Breezing Through Support Vector Machines
Breezing Through Support Vector Machines
In this article, we discuss some basics behind how vector algebra works under-the-hood in machine learning models.
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When we add "Machine" to anything it looks cool... perhaps due to an assumption made about the introduction of both "intelligence" and "automation" hinted by the use of such a term.
So, let's take that out and we are back to old, classical vector algebra. It's like a person with a bunch of sticks to figure out which one to lay where in a 2-D plane to separate one class of objects from another, provided class definitions are already known.
The problem is which particular shape and length must be chosen to show maximum contrast between classes.
We need to arrive at a function definition, in such a way that the value a given function takes changes drastically (e.g. from a large positive value to a large negative value).
In it's simplest form, output Y can be represented as a vector product of two independent vectors K and X respectively, where we have to compute values of vector K, given input vector X, so that it minimizes the error between computed approximation Yhat and Y.
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(K)*(X) is the generalized dot product (a.k.a. the "inner product" of input vectors). Doing the dot product of X with transpose of K is equivalent to computing the projection of vector X on vector K. This is the "shadow" cast of one vector on another.
To put it more simply, it is a weighted sum of values of vectors K and X respectively; for each observation value of X, where the corresponding value of K for a given value of X must be computed in order to arrive at Yhat, which most closely resembles the classification sets that exist in Y.
The value that such computation takes, considering that it will be a numeric value, must provide a good enough demarcation in order to separate different classes that exist in Y. Such "demarcation" has to be as wide as possible so as not to interfere with individual class boundaries.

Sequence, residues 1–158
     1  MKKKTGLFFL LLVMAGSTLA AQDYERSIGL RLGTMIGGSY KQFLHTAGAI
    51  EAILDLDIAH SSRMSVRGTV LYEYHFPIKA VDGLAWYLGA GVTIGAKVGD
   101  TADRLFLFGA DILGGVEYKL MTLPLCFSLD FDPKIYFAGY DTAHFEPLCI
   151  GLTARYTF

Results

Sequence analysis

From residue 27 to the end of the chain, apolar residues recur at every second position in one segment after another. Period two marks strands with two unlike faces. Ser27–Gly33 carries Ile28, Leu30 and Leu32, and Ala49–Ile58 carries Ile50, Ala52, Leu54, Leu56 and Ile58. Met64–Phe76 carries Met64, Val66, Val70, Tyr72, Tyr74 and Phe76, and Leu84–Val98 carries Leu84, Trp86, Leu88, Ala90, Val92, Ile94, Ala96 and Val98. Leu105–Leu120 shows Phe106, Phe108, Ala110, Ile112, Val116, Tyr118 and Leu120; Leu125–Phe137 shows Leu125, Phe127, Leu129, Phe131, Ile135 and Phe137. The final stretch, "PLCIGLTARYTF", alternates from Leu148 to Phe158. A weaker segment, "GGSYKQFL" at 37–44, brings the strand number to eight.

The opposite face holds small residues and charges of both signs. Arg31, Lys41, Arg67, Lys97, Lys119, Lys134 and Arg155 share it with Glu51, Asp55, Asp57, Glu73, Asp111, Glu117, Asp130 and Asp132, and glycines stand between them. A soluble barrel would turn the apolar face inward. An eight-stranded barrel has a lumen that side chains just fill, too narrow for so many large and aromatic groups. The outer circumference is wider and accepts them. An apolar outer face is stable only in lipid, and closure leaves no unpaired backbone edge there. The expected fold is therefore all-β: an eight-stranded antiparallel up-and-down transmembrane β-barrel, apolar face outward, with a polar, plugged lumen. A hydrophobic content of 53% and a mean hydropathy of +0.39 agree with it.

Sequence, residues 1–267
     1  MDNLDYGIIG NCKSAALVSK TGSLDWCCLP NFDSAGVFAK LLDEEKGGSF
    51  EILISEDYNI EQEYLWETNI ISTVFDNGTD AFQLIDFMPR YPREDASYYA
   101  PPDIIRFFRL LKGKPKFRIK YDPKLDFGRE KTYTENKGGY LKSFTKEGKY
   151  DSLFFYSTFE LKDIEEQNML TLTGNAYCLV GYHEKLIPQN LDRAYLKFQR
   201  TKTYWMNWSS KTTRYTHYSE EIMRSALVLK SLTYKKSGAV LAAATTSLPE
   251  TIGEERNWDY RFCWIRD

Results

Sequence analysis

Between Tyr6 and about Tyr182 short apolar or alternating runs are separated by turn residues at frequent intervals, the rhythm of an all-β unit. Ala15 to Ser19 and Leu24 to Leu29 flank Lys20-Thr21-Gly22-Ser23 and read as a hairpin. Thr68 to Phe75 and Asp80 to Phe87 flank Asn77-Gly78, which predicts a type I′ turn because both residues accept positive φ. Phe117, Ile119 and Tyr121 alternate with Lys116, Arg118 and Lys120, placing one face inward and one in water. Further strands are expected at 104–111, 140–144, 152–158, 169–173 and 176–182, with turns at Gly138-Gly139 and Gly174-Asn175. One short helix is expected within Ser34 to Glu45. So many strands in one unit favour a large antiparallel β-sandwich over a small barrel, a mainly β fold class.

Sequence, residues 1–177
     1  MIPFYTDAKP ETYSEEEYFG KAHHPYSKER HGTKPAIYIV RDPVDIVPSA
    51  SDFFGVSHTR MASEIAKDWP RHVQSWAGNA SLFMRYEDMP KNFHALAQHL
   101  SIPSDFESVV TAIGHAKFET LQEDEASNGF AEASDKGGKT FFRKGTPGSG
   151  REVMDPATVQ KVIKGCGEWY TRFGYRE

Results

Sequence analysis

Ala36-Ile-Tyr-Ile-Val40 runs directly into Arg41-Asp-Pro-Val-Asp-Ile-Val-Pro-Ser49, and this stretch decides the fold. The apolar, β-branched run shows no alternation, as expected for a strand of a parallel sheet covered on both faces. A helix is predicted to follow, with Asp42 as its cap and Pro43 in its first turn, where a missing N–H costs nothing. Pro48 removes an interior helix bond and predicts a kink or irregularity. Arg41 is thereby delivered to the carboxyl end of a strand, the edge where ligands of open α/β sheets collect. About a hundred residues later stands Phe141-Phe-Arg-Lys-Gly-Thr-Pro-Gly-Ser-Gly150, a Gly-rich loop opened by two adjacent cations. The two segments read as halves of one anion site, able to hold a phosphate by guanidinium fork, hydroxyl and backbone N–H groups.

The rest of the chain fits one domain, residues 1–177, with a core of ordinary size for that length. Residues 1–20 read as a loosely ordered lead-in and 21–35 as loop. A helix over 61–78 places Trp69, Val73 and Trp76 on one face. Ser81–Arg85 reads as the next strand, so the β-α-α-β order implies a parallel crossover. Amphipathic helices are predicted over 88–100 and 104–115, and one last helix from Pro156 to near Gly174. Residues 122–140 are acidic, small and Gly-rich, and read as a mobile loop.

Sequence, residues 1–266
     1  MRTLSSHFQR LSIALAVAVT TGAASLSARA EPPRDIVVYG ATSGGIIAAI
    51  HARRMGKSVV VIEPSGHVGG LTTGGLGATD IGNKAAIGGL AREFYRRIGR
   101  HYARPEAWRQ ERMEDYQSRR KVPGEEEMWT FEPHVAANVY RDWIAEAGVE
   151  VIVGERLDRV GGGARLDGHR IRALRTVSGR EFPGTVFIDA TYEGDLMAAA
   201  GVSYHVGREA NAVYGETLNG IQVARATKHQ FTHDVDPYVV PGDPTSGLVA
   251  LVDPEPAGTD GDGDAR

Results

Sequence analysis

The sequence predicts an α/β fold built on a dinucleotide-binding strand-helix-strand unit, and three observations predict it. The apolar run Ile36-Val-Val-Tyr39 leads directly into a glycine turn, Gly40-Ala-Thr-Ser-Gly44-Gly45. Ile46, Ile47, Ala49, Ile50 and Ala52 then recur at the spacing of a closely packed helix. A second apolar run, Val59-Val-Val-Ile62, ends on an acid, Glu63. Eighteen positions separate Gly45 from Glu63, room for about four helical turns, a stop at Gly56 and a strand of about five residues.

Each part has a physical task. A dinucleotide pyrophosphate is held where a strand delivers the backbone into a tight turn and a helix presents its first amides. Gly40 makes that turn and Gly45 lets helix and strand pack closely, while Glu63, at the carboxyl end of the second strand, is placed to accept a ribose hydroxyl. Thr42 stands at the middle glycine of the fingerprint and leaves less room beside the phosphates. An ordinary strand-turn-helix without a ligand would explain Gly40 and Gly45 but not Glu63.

The contour of such demarcation depends on the dimensional space we are operating in.
For a 2-D space, it is simply a plane ( Z1*X+Z2*Y=C) — think about a DMZ zone or a "No man's land" that exists between nations that share borders. And this plane would evaluate to a starkly contrasting value (-C for one side and +C for another, for a symmetrical demarcation to exist between the two class boundaries).
In fact, the equation Yhat<-t(K)*X , which is same as : K1*X1+K2*X2+K3*X3+...KN*XN, for N observations, is indeed this plane that seeks to distinguish and separate the two classes on either side.
A starker contrast in computed value on either side of demarcation, will result in more pronounced errors of misclassification and in turn enable optimization algorithm to minimize such errors by adjusting values of vector K.
As an example, the computed value abruptly switches from -100 to +100, as the model tries to distinguish Class A from Class B.
The optimization objective for the algorithm would be to maximize this abrupt contrast.
Obviously, the planes can distinguish linearly distributed classes. If we can't imagine a line that can separate the two classes without bending or twisting it, then we have look at non-linear solutions to arriving at providing maximum contrast.
The problem is similar to taking a stroll or drive to remember important landmarks so that we can make it back or go there again. In doing so, every location that one visits needs to be compared in similarity with a set of previously identified landmarks.
Hence, we need a similarity function that tells in Binary or Boolean terms as to whether a given observation is very similar to a given landmark.
Similarity functions can be generally expressed as Similarity(L, X).
One commonly used form would be a polynomial expressed as:
Another popular, general function can be Gaussian — one that takes the form:
We are tweaking it by replacing mean(X) by LM[i], where LM is a vector of Landmarks. Then, we introduce constant epsilon (just like we did in polynomial similarity function), which in this case takes a value as (1/(2*sd(x)^2))
Obviously, it can be hard to choose which similarity function would be most suitable and what should be the values of various constants.
In R, the function
best.svm comes in handy (in package e1071).
We will use this on our previous data set german_credit.csv. ( Refer to my previous article.)
best.svm has now automatically selected the similarity function type as Radial. (Similar to the Gaussian function definition, as discussed here).
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